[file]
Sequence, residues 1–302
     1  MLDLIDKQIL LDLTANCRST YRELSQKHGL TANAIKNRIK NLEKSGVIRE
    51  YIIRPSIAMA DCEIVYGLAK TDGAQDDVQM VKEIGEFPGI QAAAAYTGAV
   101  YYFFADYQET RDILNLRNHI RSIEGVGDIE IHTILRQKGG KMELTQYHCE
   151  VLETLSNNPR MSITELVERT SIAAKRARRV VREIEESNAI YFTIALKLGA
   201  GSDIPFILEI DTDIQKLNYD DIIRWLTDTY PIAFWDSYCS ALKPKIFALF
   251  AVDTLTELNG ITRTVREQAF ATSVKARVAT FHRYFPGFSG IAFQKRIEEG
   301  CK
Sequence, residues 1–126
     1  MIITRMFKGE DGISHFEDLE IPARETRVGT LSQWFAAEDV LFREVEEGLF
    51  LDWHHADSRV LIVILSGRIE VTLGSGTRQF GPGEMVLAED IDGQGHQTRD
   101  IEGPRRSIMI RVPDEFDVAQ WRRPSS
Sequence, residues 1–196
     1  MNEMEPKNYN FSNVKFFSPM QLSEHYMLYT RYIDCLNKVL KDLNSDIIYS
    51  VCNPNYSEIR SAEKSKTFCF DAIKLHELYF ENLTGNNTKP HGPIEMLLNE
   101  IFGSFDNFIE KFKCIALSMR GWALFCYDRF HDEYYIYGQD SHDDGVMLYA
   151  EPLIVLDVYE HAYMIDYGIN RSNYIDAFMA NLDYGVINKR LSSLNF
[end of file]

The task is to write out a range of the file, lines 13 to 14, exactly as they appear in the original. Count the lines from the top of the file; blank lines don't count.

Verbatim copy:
Sequence, residues 1–196
     1  MNEMEPKNYN FSNVKFFSPM QLSEHYMLYT RYIDCLNKVL KDLNSDIIYS